From the perspective of State-owned Transnet National Ports Authority (TNPA), Durban harbour is fully functional, with gradual improvements expected to take place where gaps in functionality occur, Public Enterprises Minister Pravin Gordhan said during a media briefing on April 19.
“Ships are coming in, ships are going out and the necessary work is being done by the TNPA to ensure the harbour is in the state where it can be used,” he said, providing an update on operations following the severe weather and rainfall in KwaZulu-Natal last week.
Gordhan said a dredger was on its way from Cape Town to Durban to assist in clearing up the significant amount of debris that washed into the harbour from the harbour’s many tributaries.
In terms of accessing the harbour from land, part of Bayhead road had been reopened while urgent repairs continue to be carried out on the inward lanes. The road is a key access route to the harbour and consists of two inward and two outward lanes. The two inward lanes were severely damaged when a 60 m crater in the road was caused by the flooding.
Gordhan said that engineers were currently on site and that repair work would be completed within about a month.
He noted that an additional alternate route was also being prepared and would be ready by mid-year, to prevent the port from being inaccessible ever again.
“That's another lesson that we've learned in terms of building in redundancy on our side as far as imports and exports are concerned,” Gordhan explained.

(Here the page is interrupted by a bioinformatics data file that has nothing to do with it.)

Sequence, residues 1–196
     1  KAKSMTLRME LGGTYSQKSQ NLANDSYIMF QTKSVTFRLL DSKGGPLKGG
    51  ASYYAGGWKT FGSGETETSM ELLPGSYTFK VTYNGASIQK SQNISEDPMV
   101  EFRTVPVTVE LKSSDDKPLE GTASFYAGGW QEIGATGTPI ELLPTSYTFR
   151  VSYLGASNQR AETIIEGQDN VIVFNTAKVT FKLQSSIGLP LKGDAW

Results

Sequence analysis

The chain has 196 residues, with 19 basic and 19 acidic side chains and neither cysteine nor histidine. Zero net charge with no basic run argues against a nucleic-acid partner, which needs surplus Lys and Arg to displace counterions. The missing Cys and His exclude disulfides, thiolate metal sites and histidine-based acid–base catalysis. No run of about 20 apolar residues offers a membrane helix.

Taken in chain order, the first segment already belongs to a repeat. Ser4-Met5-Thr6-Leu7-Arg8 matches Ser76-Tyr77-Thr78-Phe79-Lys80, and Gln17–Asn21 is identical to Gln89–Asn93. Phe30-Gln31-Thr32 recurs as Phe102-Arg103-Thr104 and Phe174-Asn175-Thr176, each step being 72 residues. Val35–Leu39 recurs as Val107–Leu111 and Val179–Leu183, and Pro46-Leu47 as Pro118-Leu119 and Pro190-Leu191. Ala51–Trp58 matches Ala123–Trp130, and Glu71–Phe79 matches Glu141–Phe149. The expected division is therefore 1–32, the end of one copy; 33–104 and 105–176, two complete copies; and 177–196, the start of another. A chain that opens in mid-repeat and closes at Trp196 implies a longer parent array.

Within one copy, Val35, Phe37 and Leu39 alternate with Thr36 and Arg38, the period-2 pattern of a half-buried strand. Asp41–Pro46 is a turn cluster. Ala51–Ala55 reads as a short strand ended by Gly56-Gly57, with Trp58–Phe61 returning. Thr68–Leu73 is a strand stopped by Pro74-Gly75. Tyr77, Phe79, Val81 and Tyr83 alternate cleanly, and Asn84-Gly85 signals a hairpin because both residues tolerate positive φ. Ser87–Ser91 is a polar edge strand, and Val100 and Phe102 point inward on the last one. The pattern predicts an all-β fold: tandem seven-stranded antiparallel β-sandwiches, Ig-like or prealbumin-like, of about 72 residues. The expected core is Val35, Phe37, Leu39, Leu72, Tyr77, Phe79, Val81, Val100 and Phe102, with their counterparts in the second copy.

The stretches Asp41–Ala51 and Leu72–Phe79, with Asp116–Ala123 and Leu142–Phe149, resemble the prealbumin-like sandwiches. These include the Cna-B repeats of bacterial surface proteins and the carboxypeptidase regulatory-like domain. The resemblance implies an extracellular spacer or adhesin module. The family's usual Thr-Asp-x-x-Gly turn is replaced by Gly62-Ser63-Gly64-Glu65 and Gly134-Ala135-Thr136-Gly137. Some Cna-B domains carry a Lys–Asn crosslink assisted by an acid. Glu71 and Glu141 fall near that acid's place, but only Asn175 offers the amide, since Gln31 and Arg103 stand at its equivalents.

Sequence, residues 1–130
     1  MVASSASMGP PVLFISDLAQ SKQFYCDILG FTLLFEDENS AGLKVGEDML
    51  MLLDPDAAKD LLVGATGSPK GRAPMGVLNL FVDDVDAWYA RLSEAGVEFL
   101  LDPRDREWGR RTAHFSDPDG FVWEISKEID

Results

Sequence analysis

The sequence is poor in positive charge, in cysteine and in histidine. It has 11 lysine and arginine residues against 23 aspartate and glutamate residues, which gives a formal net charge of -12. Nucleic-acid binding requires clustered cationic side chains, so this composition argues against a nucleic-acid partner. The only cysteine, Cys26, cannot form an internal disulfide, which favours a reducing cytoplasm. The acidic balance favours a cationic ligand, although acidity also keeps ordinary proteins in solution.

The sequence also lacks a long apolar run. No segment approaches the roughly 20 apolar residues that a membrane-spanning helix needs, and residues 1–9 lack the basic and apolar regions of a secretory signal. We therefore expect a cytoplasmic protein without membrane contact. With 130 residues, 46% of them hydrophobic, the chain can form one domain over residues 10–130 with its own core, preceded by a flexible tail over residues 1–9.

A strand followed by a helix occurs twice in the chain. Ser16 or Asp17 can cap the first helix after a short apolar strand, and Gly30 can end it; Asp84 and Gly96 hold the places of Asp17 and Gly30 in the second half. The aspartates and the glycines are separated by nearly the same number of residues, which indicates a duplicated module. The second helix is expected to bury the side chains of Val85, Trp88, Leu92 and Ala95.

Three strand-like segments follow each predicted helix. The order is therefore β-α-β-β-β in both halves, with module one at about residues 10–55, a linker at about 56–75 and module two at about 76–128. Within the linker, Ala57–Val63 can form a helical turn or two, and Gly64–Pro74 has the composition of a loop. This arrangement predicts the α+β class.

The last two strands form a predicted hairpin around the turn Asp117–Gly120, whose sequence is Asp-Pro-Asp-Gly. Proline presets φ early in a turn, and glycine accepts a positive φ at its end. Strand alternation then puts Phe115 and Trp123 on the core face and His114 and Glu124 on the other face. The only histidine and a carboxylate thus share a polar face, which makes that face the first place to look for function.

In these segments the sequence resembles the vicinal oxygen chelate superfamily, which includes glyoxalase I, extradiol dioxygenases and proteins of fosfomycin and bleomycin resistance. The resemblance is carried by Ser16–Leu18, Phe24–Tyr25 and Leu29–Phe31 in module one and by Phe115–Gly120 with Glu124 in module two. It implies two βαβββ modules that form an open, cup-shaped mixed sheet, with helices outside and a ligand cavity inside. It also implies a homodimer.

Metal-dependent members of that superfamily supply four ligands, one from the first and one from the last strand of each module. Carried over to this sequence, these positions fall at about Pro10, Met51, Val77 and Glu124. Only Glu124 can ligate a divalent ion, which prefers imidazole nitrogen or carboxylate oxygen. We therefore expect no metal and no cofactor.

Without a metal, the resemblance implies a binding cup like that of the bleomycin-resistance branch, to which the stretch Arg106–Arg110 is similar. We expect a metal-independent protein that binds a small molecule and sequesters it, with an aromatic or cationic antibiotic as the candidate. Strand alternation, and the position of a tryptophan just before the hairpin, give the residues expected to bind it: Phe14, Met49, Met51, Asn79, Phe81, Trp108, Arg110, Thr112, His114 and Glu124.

Gordhan said that there was also the issue of the backlog of between 8 000 and 9 000 shipping containers that had accumulated either because staff or trucks could not reach the harbour area.
"Within the next five to six days those 8 000 to 9 000 containers will be cleared," he said.
In terms of rail access, a variety of repairs needed to be conducted in several places along the tracks throughout KwaZulu-Natal following the collapse of rail-bearing embankments and mudslides.
The damage ranged from rails simply being covered with mud and debris, to rails being left hanging and twisted in mid-air and the embankment under it gone. This could take up to eight weeks to repair, Gordhan said.
TNPA Durban port manager Mpumi Dweba told Engineering News & Mining Weekly that, while the rail infrastructure was built to the highest standards, the unprecedented amount of rain really showed that a lot of work needed to be done in terms of making sure the tracks were strengthened and maintained against future possible floods.
She also said the encroachment of illegal settlers onto railway servitudes and sidings had interfered with the drainage systems, worsening the flooding and resulting damage.
“We are continuously doing maintenance on the lines, but it is hampered by access into some areas, but it's something that we're working on,” she said.
Gordhan assured South Africans that fuel supply would not be a concern, following repairs to Transnet's mutliproduct pipeline.
The pipeline, which feeds fuel in various forms to the inland, was dysfunctional on April 13 owing to “electricity problems”, but was fixed within 24 hours and remains functional, he noted.
“There's no risk of shortage as far as fuel is concerned. The pipeline is functional. The movement of petrochemicals is taking place,” he said.
He explained that the focus would now shift from the port, where there had been "considerable progress", to the problem of maintaining the supply chain and transport logistics systems between KwaZulu-Natal and other parts of the country.
"I think the road transport network appears to be sufficiently robust, but we'll be looking at a range of options in the next while,” Gordhan said.